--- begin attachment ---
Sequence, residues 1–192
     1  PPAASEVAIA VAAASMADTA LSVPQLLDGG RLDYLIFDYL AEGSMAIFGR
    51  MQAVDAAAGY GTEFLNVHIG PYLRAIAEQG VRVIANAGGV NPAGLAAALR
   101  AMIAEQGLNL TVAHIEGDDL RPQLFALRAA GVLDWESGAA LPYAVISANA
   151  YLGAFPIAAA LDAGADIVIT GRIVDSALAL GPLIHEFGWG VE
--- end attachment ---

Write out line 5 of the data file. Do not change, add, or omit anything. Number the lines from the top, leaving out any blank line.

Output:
   151  YLGAFPIAAA LDAGADIVIT GRIVDSALAL GPLIHEFGWG VE